Most businesses thrive very nicely without ever having heard the phrase “Incoterms,” and choose instead to leave the intricacies of international shipping to their logistics provider. Except, it is worthwhile for a business to have at least cursory knowledge of some of the more pertinent rules and practices that govern the how’s and why’s of international shipping.
Incoterms fall into that category. Incoterms are the set of globally recognized standards that establish uniform shipping practices, so there is consistent understanding about terminology and expectations.
For example, imagine driving in a world without traffic rules, where every driver was left to determine the “rules of the road.” Not a pretty picture, right? Same thing could happen in the shipping industry if countries defined a term like “delivery” differently.
Incoterms were first introduced by the International Chamber of Commerce in 1939. Since then, they have been revised eight times in order to reflect current industry practices. Most recently, new Incoterms took effect on January 1, 2011 that reflect post-9/11 security mandates, advances in technology, and new customs free zones and international trade alliances.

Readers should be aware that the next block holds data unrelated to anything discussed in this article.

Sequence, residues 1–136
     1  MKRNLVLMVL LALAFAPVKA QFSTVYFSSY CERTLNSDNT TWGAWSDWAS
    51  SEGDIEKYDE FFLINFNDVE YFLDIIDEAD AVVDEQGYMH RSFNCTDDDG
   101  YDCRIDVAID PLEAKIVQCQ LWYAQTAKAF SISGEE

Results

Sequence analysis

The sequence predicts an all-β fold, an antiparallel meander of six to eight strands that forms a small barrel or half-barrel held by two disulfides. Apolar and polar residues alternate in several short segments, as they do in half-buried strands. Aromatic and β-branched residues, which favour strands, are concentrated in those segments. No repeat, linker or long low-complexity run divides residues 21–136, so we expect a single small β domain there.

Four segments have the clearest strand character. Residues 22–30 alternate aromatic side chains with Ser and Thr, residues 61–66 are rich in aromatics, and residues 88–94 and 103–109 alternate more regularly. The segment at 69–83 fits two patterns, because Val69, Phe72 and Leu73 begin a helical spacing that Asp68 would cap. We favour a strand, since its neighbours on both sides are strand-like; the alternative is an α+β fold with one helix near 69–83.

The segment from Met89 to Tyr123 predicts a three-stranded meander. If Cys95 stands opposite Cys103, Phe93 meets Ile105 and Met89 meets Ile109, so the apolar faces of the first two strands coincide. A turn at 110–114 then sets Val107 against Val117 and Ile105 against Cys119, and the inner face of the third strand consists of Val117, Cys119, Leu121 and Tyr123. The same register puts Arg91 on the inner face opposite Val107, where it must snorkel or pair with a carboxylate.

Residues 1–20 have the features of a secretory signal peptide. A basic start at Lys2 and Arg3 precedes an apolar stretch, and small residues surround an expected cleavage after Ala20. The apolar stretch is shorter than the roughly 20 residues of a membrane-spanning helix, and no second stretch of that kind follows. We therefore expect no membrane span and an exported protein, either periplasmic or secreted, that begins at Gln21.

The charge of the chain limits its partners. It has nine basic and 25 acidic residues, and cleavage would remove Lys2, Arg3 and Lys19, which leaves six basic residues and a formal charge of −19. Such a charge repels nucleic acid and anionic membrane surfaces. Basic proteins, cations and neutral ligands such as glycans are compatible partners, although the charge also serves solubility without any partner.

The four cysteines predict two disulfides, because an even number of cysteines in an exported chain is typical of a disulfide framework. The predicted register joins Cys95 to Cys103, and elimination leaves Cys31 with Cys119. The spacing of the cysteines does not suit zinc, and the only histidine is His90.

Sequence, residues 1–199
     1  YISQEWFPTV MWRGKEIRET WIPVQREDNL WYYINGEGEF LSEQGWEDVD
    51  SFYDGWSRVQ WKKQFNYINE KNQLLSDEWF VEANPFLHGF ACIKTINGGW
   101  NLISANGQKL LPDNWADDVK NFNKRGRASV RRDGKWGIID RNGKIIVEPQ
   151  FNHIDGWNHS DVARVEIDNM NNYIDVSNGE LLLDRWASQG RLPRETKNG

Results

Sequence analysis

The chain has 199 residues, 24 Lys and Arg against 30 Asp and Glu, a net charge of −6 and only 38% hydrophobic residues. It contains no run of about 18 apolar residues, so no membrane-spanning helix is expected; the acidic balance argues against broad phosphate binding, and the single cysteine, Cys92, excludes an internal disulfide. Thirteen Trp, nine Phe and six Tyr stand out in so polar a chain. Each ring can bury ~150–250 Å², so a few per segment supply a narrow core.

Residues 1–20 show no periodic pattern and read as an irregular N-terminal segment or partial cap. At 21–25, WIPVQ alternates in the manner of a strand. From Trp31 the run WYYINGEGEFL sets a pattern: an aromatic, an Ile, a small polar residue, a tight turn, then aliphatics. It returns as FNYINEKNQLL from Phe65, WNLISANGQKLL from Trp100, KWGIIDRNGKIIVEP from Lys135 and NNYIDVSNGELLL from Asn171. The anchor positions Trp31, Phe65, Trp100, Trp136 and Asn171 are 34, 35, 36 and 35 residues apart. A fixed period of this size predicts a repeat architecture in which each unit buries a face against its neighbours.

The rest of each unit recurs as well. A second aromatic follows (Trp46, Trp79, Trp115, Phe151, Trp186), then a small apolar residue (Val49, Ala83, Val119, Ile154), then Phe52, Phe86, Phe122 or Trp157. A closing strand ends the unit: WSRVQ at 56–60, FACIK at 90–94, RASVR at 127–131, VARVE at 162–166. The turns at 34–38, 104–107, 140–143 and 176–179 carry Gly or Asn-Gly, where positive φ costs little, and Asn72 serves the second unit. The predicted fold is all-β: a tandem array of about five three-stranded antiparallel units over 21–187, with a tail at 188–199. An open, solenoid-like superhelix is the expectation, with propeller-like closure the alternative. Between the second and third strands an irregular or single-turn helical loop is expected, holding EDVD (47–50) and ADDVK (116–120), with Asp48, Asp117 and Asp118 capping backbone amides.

For the truly interested, you may want know that there are currently 11 “official” Incoterms, and the ICC maintains that list and their definitions at http://www.iccwbo.org/incoterms/id3040/index.html. In its most recent update – Incoterms 2010 – two new terms were added, and four were deleted:
Incoterms 2010 applicable for all modes of transport:
- EXW: ex works
- FCA: free carrier
- CPT: carriage paid to
- CIP: carriage and insurance paid to
- DAT: delivered at terminal – NEW
- DAP: delivered at place – NEW
- DDP: delivered duty paid
Incoterms 2010 only applicable for sea and inland waterway transport:
- FAS: free alongside ship
- FOB: free on board
- CFR: cost and freight
- CIF: cost, insurance and freight
Incoterms pretty much define the rules of the road for international transactions. And while you may never need to know the specifics, it’s good to have a general understanding of what Incoterms are, and the role they play in the global supply chain. (And it’s also not a bad idea to make sure that your logistics provider has a thorough understanding!)